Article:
The Nikon D5200 is equipped with a 24 megapixel CMOS sensor in APS-C size, a clear step ahead of its 16 megapixel predecessor, the D5100. However, the 24-megapixel sensor is an old acquaintance that is already used in some other DSLRs from Nikon and other manufacturers. Its sensitivity ranges from ISO 100 to 6,400 and can be extended to ISO 12,800 and 25,600. In addition to the standard zoom AF-S 18-55 VR, we also had the currently largest super zoom AF-S 18-300 mm 3.5-5.6G ED VR and the DX macro lens 85 mm 3.5 G ED available for laboratory testing.

At ISO 100 and 200, the sensor has a very good signal-to-noise ratio of over 40 dB, which, however, decreases continuously with increasing sensitivity. At ISO 1.600, the critical level of 35 dB is just undershot, so the image signal is increasingly superimposed by disturbing noise. This is particularly evident in the form of luminance noise, which becomes visible from ISO 3,200. From ISO 12.800 it becomes very strong. Here the more unpleasant color noise is slowly added, which becomes visible especially at the highest sensitivity of ISO 25.600. Luckily, it doesn’t matter at medium sensitivities. The noise pixels are easily grouped into an average size of about two pixels, a side effect of noise reduction. It also ensures that less fine detail can be resolved as sensitivity increases. This becomes visible from ISO 1.600 as softer detail reproduction. With further increasing sensitivity, the finest structures become softer and softer or are no longer resolved, but the D5200 remains in the visible blur range even at the highest sensitivity; the strongly blurred range is not reached.

The input dynamics shine above all up to ISO 800, where the Nikon achieves dynamic range over ten f-stops (EV), the maximum value is naturally at the lowest sensitivity of ISO 100 at 10.6 f-stops. At ISO 1.600, with 9.9 f-stops, the D5200 only just falls below 10 EV, but only becomes visibly worse when jumping from ISO 3.200 to ISO 6.400, where it almost loses one f-stop in dynamic range. The tone value curve is strongly divided, especially for darker tones. This provides a subjectively good image reproduction, but is less suitable for the demanding post-processing, so that one should fall back on the raw format here. In general, the differentiation of tonal values is a problem, at least at higher ISO sensitivities. The best working conditions here are ISO 100 and 200, if you want finely nuanced brightness gradations. At ISO 1.600, the D5200 only uses less than 160 of the 256 steps. Similarly, though slightly better, it looks at the actual color depth. Up to ISO 800, Nikon differentiates over four million colour nuances; at ISO 3,200 it is

still a good two million, but less so. While the manual white balance works perfectly, the color rendering is not as accurate depending on the hue. Here, the D5200 prefers and subjectively more pleasant reproduction with brighter colours, especially in red tones.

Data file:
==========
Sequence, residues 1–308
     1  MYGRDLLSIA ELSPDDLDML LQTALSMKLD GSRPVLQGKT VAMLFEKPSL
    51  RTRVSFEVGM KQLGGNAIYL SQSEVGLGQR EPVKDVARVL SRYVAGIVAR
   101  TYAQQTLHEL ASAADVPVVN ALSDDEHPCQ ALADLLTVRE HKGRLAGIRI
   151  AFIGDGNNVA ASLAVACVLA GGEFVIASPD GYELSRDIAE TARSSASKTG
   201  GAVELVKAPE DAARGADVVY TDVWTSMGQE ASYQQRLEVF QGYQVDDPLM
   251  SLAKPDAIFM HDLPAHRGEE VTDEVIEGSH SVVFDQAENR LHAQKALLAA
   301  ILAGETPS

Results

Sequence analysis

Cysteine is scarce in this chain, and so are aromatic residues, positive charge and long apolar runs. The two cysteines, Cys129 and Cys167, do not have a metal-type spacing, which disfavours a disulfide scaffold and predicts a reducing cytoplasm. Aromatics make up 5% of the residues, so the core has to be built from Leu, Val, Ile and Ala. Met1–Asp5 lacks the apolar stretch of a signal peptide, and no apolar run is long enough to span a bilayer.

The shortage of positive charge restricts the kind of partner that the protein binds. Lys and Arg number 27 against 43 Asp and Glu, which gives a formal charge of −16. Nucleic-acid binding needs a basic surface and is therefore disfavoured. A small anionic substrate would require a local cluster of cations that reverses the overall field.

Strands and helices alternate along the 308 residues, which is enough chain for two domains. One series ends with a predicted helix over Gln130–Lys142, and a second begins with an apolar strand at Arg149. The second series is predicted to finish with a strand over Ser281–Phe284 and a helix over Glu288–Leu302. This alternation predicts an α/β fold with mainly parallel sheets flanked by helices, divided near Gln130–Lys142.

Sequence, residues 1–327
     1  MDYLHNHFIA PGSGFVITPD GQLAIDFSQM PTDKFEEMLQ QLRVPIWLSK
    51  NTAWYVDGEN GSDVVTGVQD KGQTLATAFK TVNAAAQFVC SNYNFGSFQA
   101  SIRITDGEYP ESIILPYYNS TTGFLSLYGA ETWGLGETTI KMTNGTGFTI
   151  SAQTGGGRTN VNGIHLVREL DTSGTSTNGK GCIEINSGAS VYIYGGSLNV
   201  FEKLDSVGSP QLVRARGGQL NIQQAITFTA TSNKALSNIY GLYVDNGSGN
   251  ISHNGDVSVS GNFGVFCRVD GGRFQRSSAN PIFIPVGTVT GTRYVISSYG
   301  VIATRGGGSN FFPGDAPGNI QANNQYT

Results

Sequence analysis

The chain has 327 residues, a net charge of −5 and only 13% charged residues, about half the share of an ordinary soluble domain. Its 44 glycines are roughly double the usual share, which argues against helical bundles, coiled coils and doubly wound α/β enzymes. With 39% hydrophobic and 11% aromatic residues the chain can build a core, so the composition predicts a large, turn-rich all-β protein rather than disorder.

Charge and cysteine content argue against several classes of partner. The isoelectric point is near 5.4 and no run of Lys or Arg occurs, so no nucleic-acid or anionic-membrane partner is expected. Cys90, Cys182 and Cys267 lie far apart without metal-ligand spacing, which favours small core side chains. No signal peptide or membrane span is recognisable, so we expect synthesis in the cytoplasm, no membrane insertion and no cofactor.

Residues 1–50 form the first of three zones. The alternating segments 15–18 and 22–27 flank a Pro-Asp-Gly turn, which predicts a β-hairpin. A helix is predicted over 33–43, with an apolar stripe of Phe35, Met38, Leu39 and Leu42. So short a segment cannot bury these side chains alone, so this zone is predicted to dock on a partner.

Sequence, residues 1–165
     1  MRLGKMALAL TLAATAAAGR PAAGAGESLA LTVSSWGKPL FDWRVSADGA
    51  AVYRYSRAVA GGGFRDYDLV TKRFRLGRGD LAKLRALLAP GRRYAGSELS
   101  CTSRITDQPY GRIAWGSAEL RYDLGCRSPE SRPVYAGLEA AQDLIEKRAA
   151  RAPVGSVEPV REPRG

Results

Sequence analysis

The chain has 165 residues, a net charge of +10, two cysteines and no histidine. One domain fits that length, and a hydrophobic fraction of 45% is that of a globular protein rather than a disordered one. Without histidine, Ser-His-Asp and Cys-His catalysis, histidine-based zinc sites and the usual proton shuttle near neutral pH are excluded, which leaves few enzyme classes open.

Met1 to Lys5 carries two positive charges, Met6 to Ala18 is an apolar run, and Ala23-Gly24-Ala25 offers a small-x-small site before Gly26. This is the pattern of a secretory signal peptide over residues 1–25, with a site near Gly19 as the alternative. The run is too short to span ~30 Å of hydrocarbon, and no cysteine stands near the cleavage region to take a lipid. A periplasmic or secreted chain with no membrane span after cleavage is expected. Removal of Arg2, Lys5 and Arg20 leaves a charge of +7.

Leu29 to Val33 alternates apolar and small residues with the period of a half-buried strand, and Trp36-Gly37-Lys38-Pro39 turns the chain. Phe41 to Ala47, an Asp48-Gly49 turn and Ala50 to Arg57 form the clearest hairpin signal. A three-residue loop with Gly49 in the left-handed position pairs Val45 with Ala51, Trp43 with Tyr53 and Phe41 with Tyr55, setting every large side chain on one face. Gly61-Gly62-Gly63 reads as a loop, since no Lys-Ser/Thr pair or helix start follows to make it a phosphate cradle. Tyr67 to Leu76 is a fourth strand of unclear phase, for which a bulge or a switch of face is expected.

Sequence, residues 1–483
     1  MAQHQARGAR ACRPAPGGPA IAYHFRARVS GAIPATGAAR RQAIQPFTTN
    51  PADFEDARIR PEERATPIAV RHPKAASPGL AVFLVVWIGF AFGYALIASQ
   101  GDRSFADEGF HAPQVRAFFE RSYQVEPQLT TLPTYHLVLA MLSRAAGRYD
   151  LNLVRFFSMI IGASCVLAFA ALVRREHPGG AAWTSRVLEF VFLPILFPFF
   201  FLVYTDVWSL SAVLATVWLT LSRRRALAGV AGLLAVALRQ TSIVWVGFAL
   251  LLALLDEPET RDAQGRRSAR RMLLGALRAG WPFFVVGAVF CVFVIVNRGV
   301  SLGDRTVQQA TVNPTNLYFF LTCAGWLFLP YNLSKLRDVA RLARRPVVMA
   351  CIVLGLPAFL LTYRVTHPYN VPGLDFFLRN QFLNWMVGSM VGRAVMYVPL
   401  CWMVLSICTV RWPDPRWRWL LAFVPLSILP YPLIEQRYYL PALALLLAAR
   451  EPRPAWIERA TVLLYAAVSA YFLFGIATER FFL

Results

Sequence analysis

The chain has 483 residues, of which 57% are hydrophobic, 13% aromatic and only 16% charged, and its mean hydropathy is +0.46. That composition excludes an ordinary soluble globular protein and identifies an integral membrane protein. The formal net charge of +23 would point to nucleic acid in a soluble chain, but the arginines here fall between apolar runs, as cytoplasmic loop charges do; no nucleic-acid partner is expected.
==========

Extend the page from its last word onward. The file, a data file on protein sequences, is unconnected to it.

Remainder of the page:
The set lens 18-55 VR reveals some weaknesses in the laboratory test. Although the sharpness is always sufficient for 20 x 30 centimetre prints, on closer inspection the edge resolution leaves much to be desired. While the resolution of 50 line pairs per millimeter (lp/mm) is loosely cracked in the center of the image, it has to be clearly dimmed to F11 for a high edge resolution. After all, the distortion only plays a role in the wide angle with its strong barrel shape, the vignetting remains low overall. Colour fringes, on the other hand, are particularly annoying towards the edge of the picture, but only in the wide angle.

Anyone who thinks that a superzoom like the 18-300 G would be the ideal lens for a changeable rot is mistaken – at least if one expects a decent image quality. After all, it is suitable for 20 x 30 centimetre prints from the sharpness performance as well as the 18-55 without any problems. In the wide angle, however, there are strong edge shadowing with open apertures, you should dim at F5.6 so that these disappear. Against this very strong distortion, in the wide-angle four percent barrel shape, at medium and long focal length no less conspicuous 1.7 to 2.5 percent cushion shape, the closing of the aperture does not help. Also the chromatic aberrations are strong and on average higher than with the 18-55, only that with the 18-300 above all the middle focal length is noticeable particularly unpleasantly. The 50 lp/mm are only cracked in the wide angle in the center of the image, the edge of the image varies between 33 and 36 lp/mm, apart from the diffraction-related bad apertures of F16 and higher. With a mediumfocal length, no 27 lp/mm are reached at the edge of the picture, with a telephoto focal length, the maximum at the edge of the picture is only around 23 lp/mm, and up to 42 lp/mm are reached at the centre of the picture.